Rinsing out the classics in a brand new way


It’s been a wild ride for SABRINA since she first emerged in late 2020 as part of the new streaming generation of DJs who came through during lockdown.

First featured on the 1 More Thing podcast at the end of 2020, in one of her earliest interviews, SABRINA explains how she fell in love with drum & bass so much and became so focused on the art of mixing and DJ culture that she quit university to pursue it.

As we came out of lockdown mid-2021, the young DJ found herself in a whirlwind of hype and a tidal wave of bookings that included bucket-list venues like Printworks and Fabric. As she explained in this follow-up interview on UKF, this meteoric boost came with its own layers of complexity and anxieties of how life behind the decks will be in a real life environment compared to streaming online.

Another year on and SABRINA’s truly settled into her role at the forefront of the new breed of DJs putting their stamp on drum & bass and pushing the culture forward. Over that time she’s found her own style and signature that flexes around the foundations of the culture. Often joking that a great deal of the music in each set she plays was made before she was even born, SABRINA’s thirst for history and seminal records has given her a timeless edge that resonates with older heads and has led to pioneers like Goldie, My Nu Leng and more pledging support and becoming fans.

For a taste of SABRINA’s selectionism and passion for the roots of drum & bass you can check her TRIBUTES series on her YouTube channel or her brand new residency on Rinse FM. A far cry from her initial mix she did for 1 More Thing 18 months ago, the London DJ’s wild ride continues. We check in to mark another exciting moment in time…

Congratulations with the Rinse show! How did it come about?

Thank you! I’m so happy! Who doesn’t want to be part of Rinse? I guess it came about through a lot of networking and my manager has been very helpful as well. I’d done a few shows for Rinse before and I kept hinting to them about working more together and for a residency and here we are. It’s only three months for now, but hopefully I’ll impress them and be able to stay on as a residency for longer.

You went IN on that mix! Loving The Prodigy intro. You play some of my favourite classics like Casino Royale and Nosher.

It’s the set I’ve dug the deepest for. A lot of tracks were made 20 years ago or older. I thought it was only right to start with the Prodigy and go back to the roots. I hope people like it; I put a lot of thought and research into it. More than any other mix I’ve made before. I know there are thousands of mixes being uploaded daily but I really wanted to make it special.

I think that puts a lot of value back into DJ and mix culture. There’s a real appreciation for blends and the artistry of DJing again which is sometimes lost. You can really tell when someone’s put thought and research into their mix…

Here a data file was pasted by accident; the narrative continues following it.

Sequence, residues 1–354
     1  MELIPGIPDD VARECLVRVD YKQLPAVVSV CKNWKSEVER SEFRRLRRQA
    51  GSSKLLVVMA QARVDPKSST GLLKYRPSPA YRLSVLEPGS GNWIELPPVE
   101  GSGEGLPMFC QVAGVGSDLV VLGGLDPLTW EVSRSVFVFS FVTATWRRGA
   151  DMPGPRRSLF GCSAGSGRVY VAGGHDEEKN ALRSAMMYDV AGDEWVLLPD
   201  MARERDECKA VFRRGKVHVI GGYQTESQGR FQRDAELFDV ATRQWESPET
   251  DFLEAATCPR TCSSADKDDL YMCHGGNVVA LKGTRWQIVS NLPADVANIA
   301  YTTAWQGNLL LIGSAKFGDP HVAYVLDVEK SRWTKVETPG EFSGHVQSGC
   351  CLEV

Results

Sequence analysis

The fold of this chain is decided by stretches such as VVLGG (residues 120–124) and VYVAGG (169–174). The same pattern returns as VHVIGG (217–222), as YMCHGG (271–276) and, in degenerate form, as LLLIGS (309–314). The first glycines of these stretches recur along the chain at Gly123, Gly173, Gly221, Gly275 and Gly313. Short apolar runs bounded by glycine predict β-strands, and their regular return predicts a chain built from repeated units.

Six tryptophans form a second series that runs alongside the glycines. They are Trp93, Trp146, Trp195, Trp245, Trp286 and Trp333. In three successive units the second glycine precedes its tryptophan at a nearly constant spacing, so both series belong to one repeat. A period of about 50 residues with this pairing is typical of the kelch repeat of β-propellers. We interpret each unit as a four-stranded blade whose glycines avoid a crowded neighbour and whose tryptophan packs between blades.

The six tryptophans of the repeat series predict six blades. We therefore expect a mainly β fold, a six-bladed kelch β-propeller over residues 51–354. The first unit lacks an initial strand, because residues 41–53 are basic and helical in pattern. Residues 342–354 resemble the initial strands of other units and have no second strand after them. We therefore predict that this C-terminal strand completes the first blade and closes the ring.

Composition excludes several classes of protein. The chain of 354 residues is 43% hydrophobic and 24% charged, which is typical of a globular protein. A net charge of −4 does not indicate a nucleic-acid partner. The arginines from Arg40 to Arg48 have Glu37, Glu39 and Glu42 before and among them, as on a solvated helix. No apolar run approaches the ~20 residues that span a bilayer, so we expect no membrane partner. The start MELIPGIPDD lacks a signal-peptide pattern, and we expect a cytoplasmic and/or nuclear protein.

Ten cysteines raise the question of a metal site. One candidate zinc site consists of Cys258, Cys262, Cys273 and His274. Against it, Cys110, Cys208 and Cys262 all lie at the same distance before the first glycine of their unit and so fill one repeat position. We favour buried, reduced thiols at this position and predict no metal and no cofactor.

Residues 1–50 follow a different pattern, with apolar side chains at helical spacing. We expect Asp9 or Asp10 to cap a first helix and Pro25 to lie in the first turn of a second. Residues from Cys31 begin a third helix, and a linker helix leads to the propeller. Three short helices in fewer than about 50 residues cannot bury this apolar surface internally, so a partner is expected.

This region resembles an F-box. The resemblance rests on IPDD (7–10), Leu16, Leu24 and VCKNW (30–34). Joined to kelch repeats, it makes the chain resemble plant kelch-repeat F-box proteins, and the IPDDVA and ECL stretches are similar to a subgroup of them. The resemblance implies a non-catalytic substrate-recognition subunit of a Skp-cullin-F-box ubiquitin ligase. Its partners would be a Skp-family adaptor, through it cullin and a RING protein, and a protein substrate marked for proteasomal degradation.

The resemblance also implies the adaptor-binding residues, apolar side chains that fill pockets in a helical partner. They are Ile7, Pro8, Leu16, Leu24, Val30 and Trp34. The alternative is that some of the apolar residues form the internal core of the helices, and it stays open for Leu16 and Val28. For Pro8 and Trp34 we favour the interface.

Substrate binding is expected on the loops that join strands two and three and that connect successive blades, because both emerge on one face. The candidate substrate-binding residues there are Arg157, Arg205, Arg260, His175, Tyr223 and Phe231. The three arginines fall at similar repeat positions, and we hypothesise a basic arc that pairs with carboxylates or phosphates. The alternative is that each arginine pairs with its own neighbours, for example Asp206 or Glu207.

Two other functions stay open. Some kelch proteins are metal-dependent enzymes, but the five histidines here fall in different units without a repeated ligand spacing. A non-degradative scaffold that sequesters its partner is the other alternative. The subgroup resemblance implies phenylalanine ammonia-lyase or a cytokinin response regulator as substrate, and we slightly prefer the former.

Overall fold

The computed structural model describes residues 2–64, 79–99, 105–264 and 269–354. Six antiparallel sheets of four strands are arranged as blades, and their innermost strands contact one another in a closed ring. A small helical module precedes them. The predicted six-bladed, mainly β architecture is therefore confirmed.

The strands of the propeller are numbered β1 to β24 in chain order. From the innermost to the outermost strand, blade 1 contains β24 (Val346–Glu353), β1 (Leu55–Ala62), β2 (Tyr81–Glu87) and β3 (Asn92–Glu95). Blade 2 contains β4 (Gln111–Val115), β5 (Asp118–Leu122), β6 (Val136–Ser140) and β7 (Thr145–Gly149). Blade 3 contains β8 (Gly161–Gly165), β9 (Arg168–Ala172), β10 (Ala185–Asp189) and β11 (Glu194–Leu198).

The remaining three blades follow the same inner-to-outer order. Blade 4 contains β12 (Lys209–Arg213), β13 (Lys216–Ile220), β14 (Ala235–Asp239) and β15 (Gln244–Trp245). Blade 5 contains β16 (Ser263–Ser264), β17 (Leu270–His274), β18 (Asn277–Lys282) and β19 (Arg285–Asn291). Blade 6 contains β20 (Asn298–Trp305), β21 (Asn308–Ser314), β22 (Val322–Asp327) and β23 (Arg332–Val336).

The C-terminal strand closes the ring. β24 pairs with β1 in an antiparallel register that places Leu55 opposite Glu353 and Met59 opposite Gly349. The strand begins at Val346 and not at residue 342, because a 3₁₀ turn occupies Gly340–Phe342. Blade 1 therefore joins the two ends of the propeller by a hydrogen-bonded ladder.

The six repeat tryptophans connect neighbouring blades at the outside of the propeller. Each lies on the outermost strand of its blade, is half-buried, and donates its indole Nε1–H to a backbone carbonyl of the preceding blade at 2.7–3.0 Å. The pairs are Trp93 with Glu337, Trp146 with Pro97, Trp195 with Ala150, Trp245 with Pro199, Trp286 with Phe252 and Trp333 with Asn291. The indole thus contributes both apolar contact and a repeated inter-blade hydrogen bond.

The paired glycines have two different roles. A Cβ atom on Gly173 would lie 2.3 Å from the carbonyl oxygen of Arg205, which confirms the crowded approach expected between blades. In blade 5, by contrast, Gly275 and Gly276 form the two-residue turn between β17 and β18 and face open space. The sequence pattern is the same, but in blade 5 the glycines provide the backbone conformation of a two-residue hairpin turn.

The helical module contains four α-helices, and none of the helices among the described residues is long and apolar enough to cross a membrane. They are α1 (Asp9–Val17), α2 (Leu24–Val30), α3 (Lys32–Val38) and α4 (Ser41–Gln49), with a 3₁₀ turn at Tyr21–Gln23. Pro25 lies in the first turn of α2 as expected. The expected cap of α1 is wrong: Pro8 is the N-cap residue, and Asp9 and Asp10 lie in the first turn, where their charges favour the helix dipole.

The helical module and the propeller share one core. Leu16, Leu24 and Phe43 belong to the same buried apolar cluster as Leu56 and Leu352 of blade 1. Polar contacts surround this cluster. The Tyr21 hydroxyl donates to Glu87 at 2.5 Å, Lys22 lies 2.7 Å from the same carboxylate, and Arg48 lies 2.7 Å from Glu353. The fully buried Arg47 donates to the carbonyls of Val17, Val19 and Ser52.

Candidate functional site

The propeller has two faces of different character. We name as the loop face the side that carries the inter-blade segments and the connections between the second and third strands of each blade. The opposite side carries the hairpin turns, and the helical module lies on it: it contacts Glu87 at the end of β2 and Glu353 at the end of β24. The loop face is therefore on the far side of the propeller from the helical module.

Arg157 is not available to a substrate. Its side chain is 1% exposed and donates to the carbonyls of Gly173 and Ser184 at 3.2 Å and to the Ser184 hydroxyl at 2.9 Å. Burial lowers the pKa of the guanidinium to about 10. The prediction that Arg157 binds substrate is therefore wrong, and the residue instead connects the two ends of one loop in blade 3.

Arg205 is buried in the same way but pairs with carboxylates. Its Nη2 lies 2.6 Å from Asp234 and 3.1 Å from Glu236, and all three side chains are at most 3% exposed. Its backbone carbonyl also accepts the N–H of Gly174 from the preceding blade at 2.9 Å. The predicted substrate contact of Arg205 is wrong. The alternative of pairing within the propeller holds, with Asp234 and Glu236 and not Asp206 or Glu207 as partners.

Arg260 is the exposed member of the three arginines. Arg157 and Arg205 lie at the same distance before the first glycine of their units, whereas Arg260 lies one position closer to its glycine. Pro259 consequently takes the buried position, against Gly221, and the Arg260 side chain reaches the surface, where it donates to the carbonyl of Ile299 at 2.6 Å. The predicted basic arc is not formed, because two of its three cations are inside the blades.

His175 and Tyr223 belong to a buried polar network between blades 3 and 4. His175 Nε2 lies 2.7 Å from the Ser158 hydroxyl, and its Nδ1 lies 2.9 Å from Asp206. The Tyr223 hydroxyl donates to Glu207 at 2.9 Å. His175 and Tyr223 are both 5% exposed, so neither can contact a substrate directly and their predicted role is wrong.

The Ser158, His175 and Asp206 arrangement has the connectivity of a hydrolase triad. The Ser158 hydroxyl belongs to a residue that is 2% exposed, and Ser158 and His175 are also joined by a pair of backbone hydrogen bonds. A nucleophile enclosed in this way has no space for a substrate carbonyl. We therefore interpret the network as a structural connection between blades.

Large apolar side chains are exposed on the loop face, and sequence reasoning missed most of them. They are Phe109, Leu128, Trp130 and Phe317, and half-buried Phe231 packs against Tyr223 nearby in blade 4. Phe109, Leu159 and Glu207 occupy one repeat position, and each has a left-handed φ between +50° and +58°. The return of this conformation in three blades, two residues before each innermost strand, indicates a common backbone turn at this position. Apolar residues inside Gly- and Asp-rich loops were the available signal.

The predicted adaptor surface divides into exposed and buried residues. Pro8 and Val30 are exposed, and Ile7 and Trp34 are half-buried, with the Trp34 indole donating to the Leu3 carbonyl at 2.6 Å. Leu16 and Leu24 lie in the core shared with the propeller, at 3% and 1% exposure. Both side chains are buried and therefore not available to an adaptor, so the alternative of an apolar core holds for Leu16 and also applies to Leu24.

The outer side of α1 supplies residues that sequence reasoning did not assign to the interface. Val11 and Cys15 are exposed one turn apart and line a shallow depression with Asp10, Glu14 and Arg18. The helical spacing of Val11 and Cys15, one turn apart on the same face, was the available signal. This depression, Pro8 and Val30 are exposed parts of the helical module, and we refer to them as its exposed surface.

I always think about it like, ‘Why am I using this tune? What is it about this tune? Why do I like it?’ It doesn’t just have to go well with the next tune, it has to make sense. I’m not always double dropping, for me it’s more about how well the tunes go together to tell a story.

Definitely! I guess it’s having the time to do that, too, right? You just mentioned having a manager and that’s a big development from when we’ve last interviewed or spoke. Does that give you more time to research your selections? Also, I’m sure a lot of young artists who’ve come through at similar time to you have thought about management so do you have any advice on that side of things?

Well the first thing I’d say is don’t rush. My manager and I were working together for a while before we signed any type of agreement because we had to gain each other’s trust. He had to see my passion and understand why I quit uni to pursue this. And from my side, I had to make sure he wasn’t just trying to take my money. So in any good relationship – business or otherwise – if they’re not willing to wait around for you then it’s not right. There needs to be trust. They’ll be more than happy to prove to you why you’re good.

And yeah, it does free up time for me to just focus on my mixes but, more importantly, having a manager has given me confidence. I needed someone to guide me and make sure I’m professional and helping me created a brand out of myself. Not only is this my passion but also my job now. I want to find out who I am and what my place is and I felt he’d understand that and help me find out the answers. It’s how you feel and what you want from this. He’s helped me so much.

I remember you saying you felt a bit lost or overwhelmed for a minute because everything was so rapid!